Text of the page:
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This guide is from 2015, and is no longer being maintained. Some of its information is outdated and some of its links are broken.
A Conspiracy of Cells
The Immortal Life of Henrietta Lacks was the first book written about Henrietta Lacks, but it was not the first book written about HeLa cells. That honor belongs to A Conspiracy of Cells by Michael Gold. Simpson Library owns a copy of this book.
Articles about HeLa cells
The good, the bad, and the HeLa
An overview of HeLa cells, published in the Berkeley Science Review. Unlike earlier articles about HeLa cells, this one gives credit to Henrietta Lacks as the source of the cells. The article also includes some examples of research projects that use HeLa cells.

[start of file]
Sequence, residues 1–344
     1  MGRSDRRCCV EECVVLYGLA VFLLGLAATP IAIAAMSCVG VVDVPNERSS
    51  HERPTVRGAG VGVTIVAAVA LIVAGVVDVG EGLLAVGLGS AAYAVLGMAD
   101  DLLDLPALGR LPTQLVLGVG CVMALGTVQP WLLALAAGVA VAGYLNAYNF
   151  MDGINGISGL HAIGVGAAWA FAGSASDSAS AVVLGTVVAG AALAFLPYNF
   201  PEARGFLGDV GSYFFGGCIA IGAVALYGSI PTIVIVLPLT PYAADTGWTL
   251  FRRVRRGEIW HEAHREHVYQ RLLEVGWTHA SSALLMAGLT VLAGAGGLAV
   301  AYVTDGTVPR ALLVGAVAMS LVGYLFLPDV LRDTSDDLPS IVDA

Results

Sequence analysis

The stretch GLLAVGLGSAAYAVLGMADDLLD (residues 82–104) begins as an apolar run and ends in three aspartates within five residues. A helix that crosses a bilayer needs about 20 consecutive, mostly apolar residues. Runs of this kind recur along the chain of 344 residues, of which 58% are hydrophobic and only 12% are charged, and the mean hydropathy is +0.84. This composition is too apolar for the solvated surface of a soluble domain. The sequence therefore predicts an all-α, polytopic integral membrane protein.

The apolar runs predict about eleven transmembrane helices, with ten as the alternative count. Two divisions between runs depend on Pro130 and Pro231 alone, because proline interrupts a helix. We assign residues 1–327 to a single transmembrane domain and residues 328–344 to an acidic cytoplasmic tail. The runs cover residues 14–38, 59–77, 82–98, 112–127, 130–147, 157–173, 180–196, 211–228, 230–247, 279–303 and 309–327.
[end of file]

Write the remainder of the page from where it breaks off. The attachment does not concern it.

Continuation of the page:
Henrietta Everlasting: 1950s Cells Still Alive, Helping Science
A short article from Wired magazine. Includes an illustrated timeline of events in the history of HeLa cells.
How HeLa Cells Work
A beginner's overview of HeLa cells, written for HowStuffWorks.com.
An Obsession with Culture
An article about George Gey, the first person to create a culture of HeLa cells. The article is by Rebecca Skloot, author of The Immortal Life of Henrietta Lacks.
The Story of Henrietta Lacks: A Lesson in Biology and Ethics
In 1966, Stan Gartler discovered that cell lines all over the world had been contaminated HeLa cells. This blog post, from the genetics company 23andMe, describes the genetic markers that Gartler used to distinguish between HeLa cells and other cells.